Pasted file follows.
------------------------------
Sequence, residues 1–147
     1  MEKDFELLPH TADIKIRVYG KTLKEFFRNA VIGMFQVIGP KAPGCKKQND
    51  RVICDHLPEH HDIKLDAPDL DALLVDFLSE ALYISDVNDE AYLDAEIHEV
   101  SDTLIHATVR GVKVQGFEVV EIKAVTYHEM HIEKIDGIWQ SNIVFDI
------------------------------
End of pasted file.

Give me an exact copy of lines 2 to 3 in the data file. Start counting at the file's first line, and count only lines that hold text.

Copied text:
     1  MEKDFELLPH TADIKIRVYG KTLKEFFRNA VIGMFQVIGP KAPGCKKQND
    51  RVICDHLPEH HDIKLDAPDL DALLVDFLSE ALYISDVNDE AYLDAEIHEV